Growing Ginger hydroponically in condo-farm

Ginger (Zingiber officinale) belongs to a large family of herbs. Which includes cardamom, turmeric, and other ginger-like tuberous herbs. Its common name came from Middle English gingivere meaning “horn root” because of the shape of the plant’s tubers. This arose from Greek, Latin, and even Sanskrit origins. This reflects how well known and used ginger had been since ancient times.

The spice gained medicinal importance during the times of the ancient Egyptians and the Romans. Healers in India and China used it as a tonic and medicine for various disorders. During medieval times it was expensive – one pound of the root was worth one sheep.

The plant is a perennial herb. Every year, a new shoot can grow from a separate tuber. The roots were used either fresh, dried or processed into powder. The essential oils in the ginger root increase as the plant matures. Ginger is not easy to consume in large servings. So you should use it as a spice in other dishes.

The Health Benefits of Ginger

The table below summarizes the content of nutrients in ginger. The table lists the Recommended Daily Allowance (RDA) for each respective nutrient as well. Ginger is most significant in providing the RDA for minerals like magnesium, iron, phosphorus, and potassium. For the vitamins it supplies to the body, vitamin B-6 is the most significant. It also provides substantial quantities of vitamin C and niacin.

Table 1: Nutrient data for: Ginger root, raw (Source)
Nutrient Unit Per 100 grams % RDA 1 tsp = 2.0g % RDA
Proximates
Energy kcal 80 2.76 2 0.07
Protein g 1.82 2.89 0.04 0.06
Total lipid (fat) g 0.75 0.97 0.01 0.013
Carbohydrate, by difference g 17.77 7.1 0.36 0.14
Total Dietary Fiber g 2 6.67 0 0
Sugars, total g 1.7 4.53 0.03 0.08
Minerals
Calcium, Ca mg 16 0.016 0 0
Iron, Fe mg 0.6 7.5 0.01 0.125
Magnesium, Mg mg 43 10.75 1 0.25
Phosphorus, P mg 34 4.84 1 0.14
Potassium, K mg 415 20.75 8 0.4
Sodium, Na mg 13 2.6 0.26 0.05
Zinc, Zn mg 0.34 3.1 0.01 0.09
Vitamins
Vitamin C, total ascorbic acid mg 5 5.56 0.1 0.11
Thiamin mg 0.025 2.08 0 0
Riboflavin mg 0.034 2.62 0.001 0.077
Niacin mg 0.75 4.69 0.015 0.093
Vitamin B-6 mg 0.16 12.3 0.003 0.23
Folate, DFE mcg 11 2.75 0 0
Vitamin E (alpha-tocopherol) mg 0.26 1.73 0.01 0.067
Lipids
Fatty acids, total polyunsaturated g 0.154 0.81 0.003 0.016

Ginger health impacts include:

  1. Many diseases happen due to long-term free-radical damage, causing inflammation and pain.  These diseases include impaired brain, heart, muscle, immune functions, and even cancer. Ginger contains powerful antioxidants which eliminate harmful free radicals that cause inflammation. It helps the body’s own glutathione to detoxify free radicals.
  2. Many chemical substances in ginger improve arthritis. One research observed significant   improvement in joint swelling caused by severe chronic adjuvant arthritis.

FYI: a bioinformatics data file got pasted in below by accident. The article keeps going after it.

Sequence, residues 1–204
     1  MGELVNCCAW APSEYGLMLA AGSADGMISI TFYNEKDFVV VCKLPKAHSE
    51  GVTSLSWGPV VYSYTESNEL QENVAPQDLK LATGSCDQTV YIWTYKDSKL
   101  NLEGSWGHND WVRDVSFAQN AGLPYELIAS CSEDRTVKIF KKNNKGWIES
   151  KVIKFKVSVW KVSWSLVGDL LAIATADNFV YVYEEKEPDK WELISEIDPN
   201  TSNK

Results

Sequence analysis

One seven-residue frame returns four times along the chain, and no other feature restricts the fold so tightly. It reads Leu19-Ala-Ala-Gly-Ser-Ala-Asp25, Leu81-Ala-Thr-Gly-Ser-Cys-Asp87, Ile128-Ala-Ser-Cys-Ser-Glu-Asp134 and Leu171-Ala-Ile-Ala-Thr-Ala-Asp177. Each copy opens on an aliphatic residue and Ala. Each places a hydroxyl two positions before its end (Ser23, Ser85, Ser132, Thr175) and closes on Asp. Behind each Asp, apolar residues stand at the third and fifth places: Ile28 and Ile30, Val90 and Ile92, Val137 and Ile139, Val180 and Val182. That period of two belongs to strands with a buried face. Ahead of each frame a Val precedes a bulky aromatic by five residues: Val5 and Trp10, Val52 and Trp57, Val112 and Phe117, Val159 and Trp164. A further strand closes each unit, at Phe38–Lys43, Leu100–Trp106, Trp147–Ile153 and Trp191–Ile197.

3. Lab studies have shown that ginger compounds suppressed the growth and spread of cancerous cells. In some, these compounds killed the cancer cells by largely stopping their ability to divide.
  4. Ginger has been used to counteract nausea and related symptoms like those suffered during seasickness and pregnancy. One study showed that ginger extract stop contractions of the stomach when vomiting. Current status of researches shows the ginger potential to reduce nausea. That happens after surgery or during chemotherapy.
  5. Experiments using ginger extract have shown it may reduce loss of memory. These chemical compounds could treat degenerative diseases of the nervous system, like dementia and Alzheimer’s. This is most probably caused by the herb’s antioxidant effects. Experiments show ginger  could also improve the functioning of important enzymes in nervous tissues, including the brain.
  6. Ginger can fight off bacterial and fungal infections. The herb is comparable and even superior to those antimicrobial drugs. Ginger can kill bacteria and fungi. Even those became resistant to antibiotics and anti-fungal medicine.
  7. Experiments show that ginger reduces levels of lipids and sugar in the blood. Ginger has antioxidant and anti-inflammatory effects. So it may help prevent and manage obesity and diabetes. Ginger can treat illnesses like heart disease as well.

 

Current Research on Phytochemicals Found in Ginger

Lab research had identified at least 115 chemical compounds from ginger. In both fresh and dried forms. These are the top most phytochemicals. Found in ginger in terms of concentration and medicinal importance:

Gingerols – are the most studied and named after the plant itself. Their chemical structure is closely related. The body uses its enzymes to change their structure into one another. Much of ginger’s medicinal benefits are due to this group. These group of chemicals have the highest concentrations in the fresh ginger. They decreases with drying, cooking, and processing of the plant.